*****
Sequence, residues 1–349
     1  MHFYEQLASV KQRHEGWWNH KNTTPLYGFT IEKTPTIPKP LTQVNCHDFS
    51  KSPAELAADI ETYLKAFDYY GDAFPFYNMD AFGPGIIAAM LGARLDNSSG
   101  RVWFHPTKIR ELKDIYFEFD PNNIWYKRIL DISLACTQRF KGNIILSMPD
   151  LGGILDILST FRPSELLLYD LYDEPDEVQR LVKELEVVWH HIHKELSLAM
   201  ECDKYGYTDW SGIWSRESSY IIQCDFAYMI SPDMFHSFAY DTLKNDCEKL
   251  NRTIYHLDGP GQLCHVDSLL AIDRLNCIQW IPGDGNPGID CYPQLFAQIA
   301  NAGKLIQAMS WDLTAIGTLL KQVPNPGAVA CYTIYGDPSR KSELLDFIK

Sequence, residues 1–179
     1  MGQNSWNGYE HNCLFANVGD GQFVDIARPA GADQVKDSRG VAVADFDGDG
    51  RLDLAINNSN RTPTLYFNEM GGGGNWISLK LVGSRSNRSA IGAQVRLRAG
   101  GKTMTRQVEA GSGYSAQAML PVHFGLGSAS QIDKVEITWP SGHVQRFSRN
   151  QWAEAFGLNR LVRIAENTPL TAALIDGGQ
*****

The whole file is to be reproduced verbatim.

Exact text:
Sequence, residues 1–349
     1  MHFYEQLASV KQRHEGWWNH KNTTPLYGFT IEKTPTIPKP LTQVNCHDFS
    51  KSPAELAADI ETYLKAFDYY GDAFPFYNMD AFGPGIIAAM LGARLDNSSG
   101  RVWFHPTKIR ELKDIYFEFD PNNIWYKRIL DISLACTQRF KGNIILSMPD
   151  LGGILDILST FRPSELLLYD LYDEPDEVQR LVKELEVVWH HIHKELSLAM
   201  ECDKYGYTDW SGIWSRESSY IIQCDFAYMI SPDMFHSFAY DTLKNDCEKL
   251  NRTIYHLDGP GQLCHVDSLL AIDRLNCIQW IPGDGNPGID CYPQLFAQIA
   301  NAGKLIQAMS WDLTAIGTLL KQVPNPGAVA CYTIYGDPSR KSELLDFIK

Sequence, residues 1–179
     1  MGQNSWNGYE HNCLFANVGD GQFVDIARPA GADQVKDSRG VAVADFDGDG
    51  RLDLAINNSN RTPTLYFNEM GGGGNWISLK LVGSRSNRSA IGAQVRLRAG
   101  GKTMTRQVEA GSGYSAQAML PVHFGLGSAS QIDKVEITWP SGHVQRFSRN
   151  QWAEAFGLNR LVRIAENTPL TAALIDGGQ